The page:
A series of studies published in the past few months has started to explore the wider impact of pollutants. One, published in the British Medical Journal, suggests that the exposure of unborn children to air pollution in cities is causing “something approaching a public health catastrophe”. Pollution in the womb is now linked to low birth weight, disruption of the baby’s lung and brain development, and a series of debilitating and fatal diseases in later life.
Another report, published in the Lancet, suggests that three times as many deaths are caused by pollution as by Aids, malaria and tuberculosis combined. Pollution, the authors note, now “threatens the continuing survival of human societies”. A collection of articles in the journal PLOS Biology reveals that there is no reliable safety data on most of the 85,000 synthetic chemicals to which we may be exposed. While hundreds of these chemicals “contaminate the blood and urine of nearly every person tested”, and the volume of materials containing them rises every year, we have no idea what the likely impacts may be, either singly or in combination.
But these pathologies are not confined to “the west”. The rise of demagoguery (the pursuit of simplistic solutions to complex problems, accompanied by the dismantling of the protective state) is everywhere apparent. Environmental breakdown is accelerating worldwide. The annihilation of vertebrate populations, insectageddon, the erasure of rainforests, mangroves, soil and aquifers, and the degradation of entire Earth systems such as the atmosphere and oceans proceed at astonishing rates. These interlocking crises will affect everyone, but the poorer nations are hit first and worst.
The forces that threaten to destroy our wellbeing are also the same everywhere: primarily the lobbying power of big business and big money, which perceive the administrative state as an impediment to their immediate interests. Amplified by the persuasive power of campaign finance, covertly funded thinktanks, embedded journalists and tame academics, these forces threaten to overwhelm democracy. If you want to know how they work, read Jane Mayer’s book Dark Money.
Up to a certain point, connectivity increases resilience. For example, if local food supplies fail, regional or global markets allow us to draw on production elsewhere. But beyond a certain level, connectivity and complexity threaten to become unmanageable. The emergent properties of the system, combined with the inability of the human brain to encompass it, could spread crises rather than contain them. We are in danger of pulling each other down. New Scientist should have asked: “Is complex society on the brink of collapse?”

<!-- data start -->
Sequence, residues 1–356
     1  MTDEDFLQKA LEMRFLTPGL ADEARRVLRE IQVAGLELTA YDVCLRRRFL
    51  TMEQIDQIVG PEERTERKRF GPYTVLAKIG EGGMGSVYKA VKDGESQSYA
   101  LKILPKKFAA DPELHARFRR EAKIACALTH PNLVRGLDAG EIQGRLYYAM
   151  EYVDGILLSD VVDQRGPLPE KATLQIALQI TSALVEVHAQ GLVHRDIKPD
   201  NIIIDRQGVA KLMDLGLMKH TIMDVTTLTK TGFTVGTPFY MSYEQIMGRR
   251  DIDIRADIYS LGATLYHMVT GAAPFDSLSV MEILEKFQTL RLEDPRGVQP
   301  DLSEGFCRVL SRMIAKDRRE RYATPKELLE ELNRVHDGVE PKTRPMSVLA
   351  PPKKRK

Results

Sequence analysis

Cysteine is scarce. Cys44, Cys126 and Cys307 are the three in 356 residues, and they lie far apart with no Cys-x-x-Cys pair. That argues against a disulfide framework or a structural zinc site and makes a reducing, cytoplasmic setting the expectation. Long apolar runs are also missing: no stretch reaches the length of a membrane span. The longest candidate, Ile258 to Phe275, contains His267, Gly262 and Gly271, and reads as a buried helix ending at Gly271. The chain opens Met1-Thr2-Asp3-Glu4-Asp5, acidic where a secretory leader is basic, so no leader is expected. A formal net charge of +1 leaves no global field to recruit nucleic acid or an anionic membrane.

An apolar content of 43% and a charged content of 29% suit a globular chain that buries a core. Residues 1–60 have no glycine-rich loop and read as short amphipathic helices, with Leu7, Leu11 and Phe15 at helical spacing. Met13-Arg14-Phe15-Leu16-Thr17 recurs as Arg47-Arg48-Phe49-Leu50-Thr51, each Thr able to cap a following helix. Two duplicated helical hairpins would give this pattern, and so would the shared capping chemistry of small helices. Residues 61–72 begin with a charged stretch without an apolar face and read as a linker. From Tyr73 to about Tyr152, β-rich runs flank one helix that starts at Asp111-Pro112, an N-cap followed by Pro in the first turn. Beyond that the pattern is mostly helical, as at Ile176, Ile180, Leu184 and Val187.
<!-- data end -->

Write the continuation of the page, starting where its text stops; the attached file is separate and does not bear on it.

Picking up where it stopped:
Complex societies have collapsed many times before. It has not always been a bad thing. As James C Scott points out in his fascinating book, Against the Grain, when centralised power began to collapse, through epidemics, crop failure, floods, soil erosion or the self-destructive perversities of government, its corralled subjects would take the chance to flee. In many cases they joined the “barbarians”. This so-called secondary primitivism, Scott notes, “may well have been experienced as a marked improvement in safety, nutrition and social order. Becoming a barbarian was often a bid to improve one’s lot.” The dark ages that inexorably followed the glory and grandeur of the state may, in that era, have been the best times to be alive.
But today there is nowhere to turn. The wild lands and rich ecosystems that once supported hunter gatherers, nomads and the refugees from imploding early states who joined them now scarcely exist. Only a tiny fraction of the current population could survive a return to the barbarian life. (Consider that, according to one estimate, the maximum population of Britain during the Mesolithic, when people survived by hunting and gathering, was 5000). In the nominally democratic era, the complex state is now, for all its flaws, all that stands between us and disaster.
Traffic pollution is linked to poor pregnancy outcomes
The conditions that a developing baby is exposed to in the womb can affect its growth and development, with lifelong implications for health.1 Exposure to environmental chemicals and stress in utero can lead to functional changes in tissues, and predispose the child to diseases that manifest later in life. Being born small is the most well studied marker of such future ill health, with birthweight inversely correlated with cardiovascular and metabolic diseases.1
In this issue, Smith and colleagues (doi:10.1136/bmj.j5299) report that air pollution from road traffic, but not traffic noise, is associated with low birth weight at term.2 The inference is that reducing exposure to air pollution from road traffic will not only improve the health of current adult populations, but has the potential to reduce the burden of non-communicable diseases in future generations too.
The association between air pollution, pregnancy complications, and childhood illness is not new. Small particle pollution exposure in pregnancy has previously been linked to fetal growth,3 as well as preterm birth,4 stillbirth,5and respiratory morbidity in children.6